In Booker v. Okaloosa Board of Public Instruction, 323 So.2d 619 (Fla. 1st DCA 1975), a teacher authorized several students to use a truck to pick up some lumber to use for a float in the homecoming parade.Summary of this case from Louis v. Skipper
December 23, 1975.
Appeal from the Circuit Court, Okaloosa County, Erwin Fleet, J.
Ferrin C. Campbell, Sr., Crestview, for appellants.
T. Sol Johnson, of Johnson, Johnson Green, Milton, for appellees.
This is an appeal from a summary judgment entered in favor of the Okaloosa Board of Public Instruction and the Travelers Indemnity Company, appellees (defendants below), in a negligence action.
The undisputed facts as evidenced by the depositions and affidavit on file show that Gary L. Booker, an 18-year-old high school student, along with several other students were, on November 28, 1971, working during normal school hours under supervision of their faculty sponsor on a math club float to be used in the school homecoming parade. The sponsor told the students to go to his home and bring some lumber back for the float if they could get a truck. One of the students, Michael Lundy, obtained his father's pickup truck and the students got in the truck — four in the cab and three (including Gary) in the back. Gary sat on the side of the truck body with his back to the cab. In the course of the trip, the student driving the truck let it move over the center line and upon noticing this, he jerked it back into the proper lane. As a result of this maneuver, Gary fell from the truck and was injured.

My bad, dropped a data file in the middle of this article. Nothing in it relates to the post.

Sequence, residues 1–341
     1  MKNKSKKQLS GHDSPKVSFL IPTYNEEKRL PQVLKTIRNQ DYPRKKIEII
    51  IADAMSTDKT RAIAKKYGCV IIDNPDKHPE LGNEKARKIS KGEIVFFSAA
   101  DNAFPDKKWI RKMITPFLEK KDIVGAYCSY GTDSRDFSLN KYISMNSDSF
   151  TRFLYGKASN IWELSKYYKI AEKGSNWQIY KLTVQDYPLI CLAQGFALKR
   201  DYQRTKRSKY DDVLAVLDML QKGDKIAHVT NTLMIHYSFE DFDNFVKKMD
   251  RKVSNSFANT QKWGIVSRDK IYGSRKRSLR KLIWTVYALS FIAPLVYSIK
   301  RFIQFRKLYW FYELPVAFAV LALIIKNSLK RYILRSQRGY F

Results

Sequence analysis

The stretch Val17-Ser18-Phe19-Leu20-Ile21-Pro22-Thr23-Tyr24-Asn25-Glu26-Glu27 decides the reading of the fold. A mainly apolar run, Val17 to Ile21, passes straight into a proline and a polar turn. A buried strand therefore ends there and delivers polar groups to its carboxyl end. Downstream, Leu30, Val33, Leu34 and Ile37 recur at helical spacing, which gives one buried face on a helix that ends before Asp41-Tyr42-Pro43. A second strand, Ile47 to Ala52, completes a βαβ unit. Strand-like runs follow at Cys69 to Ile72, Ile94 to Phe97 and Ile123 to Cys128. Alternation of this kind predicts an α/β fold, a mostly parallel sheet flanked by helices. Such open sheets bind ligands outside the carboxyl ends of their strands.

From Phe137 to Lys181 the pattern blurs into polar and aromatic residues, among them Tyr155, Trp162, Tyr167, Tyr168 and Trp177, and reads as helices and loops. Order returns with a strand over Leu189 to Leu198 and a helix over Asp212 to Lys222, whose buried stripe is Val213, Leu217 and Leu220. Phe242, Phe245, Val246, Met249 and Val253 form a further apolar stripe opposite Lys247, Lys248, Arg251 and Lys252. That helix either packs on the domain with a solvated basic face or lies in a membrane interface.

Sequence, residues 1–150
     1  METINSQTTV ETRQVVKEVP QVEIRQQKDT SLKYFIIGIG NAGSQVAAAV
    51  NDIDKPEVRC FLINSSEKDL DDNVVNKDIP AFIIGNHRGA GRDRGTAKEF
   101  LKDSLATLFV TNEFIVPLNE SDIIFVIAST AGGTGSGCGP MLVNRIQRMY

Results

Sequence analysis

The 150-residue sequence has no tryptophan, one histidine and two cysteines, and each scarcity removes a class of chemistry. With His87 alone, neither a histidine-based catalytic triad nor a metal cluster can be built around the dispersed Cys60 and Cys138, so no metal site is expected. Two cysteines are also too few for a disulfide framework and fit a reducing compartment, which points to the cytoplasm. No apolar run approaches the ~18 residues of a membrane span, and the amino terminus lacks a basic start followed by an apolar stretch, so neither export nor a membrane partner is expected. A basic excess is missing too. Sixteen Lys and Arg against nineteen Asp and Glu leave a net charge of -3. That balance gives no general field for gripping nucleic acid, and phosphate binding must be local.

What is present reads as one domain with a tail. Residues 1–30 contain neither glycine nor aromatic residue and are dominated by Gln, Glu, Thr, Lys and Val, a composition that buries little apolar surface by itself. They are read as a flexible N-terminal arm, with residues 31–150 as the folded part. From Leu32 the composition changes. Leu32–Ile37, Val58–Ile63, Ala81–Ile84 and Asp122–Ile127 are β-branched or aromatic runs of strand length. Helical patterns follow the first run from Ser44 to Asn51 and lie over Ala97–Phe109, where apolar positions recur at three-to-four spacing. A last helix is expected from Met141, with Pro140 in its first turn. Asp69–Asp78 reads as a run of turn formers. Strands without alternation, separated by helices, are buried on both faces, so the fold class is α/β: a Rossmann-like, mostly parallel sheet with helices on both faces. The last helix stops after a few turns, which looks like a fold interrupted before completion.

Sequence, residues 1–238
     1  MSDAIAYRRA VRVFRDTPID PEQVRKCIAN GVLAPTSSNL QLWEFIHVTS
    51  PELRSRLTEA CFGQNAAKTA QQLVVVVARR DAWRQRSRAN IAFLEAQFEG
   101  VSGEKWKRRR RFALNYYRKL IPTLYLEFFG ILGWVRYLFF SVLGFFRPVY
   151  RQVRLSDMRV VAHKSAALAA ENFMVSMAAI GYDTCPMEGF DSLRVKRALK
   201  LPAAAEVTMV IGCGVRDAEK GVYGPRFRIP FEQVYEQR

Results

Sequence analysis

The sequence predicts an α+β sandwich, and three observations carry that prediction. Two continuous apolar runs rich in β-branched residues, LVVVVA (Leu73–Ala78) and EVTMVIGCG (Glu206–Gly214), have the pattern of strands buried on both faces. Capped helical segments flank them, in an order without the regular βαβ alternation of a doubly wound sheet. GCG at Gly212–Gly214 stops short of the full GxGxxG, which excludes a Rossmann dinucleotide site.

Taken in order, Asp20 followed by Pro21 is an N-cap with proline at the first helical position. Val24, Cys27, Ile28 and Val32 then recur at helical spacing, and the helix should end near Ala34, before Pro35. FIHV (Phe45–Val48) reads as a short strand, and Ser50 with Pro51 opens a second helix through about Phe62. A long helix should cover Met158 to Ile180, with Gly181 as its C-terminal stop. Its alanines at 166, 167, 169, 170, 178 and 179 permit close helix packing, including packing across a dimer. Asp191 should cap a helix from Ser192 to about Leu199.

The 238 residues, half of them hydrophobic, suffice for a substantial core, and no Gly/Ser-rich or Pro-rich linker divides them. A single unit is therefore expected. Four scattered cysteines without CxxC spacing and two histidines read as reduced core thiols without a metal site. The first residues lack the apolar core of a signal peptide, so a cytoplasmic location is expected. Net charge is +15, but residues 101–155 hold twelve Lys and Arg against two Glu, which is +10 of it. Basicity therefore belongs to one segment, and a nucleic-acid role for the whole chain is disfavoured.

§ 230.23(9)(d)1, Florida Statutes authorizes a school board to:
"Carry insurance on every school building in all school plants including contents, boilers and machinery, except buildings of three classrooms or less which are of frame construction and located in a tenth class public protection zone as defined by the Florida inspection and rating bureau; and on all school buses and other property under the control of the school board or title to which is vested in the school board, except as exceptions may be authorized under regulations of the state board." (Emphasis supplied)